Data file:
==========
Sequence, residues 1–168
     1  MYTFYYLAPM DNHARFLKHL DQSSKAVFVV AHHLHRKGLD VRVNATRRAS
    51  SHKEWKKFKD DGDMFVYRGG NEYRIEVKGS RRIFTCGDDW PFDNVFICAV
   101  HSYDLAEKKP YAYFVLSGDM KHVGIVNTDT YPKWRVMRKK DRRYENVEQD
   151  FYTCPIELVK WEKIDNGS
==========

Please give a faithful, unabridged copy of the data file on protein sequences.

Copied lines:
Sequence, residues 1–168
     1  MYTFYYLAPM DNHARFLKHL DQSSKAVFVV AHHLHRKGLD VRVNATRRAS
    51  SHKEWKKFKD DGDMFVYRGG NEYRIEVKGS RRIFTCGDDW PFDNVFICAV
   101  HSYDLAEKKP YAYFVLSGDM KHVGIVNTDT YPKWRVMRKK DRRYENVEQD
   151  FYTCPIELVK WEKIDNGS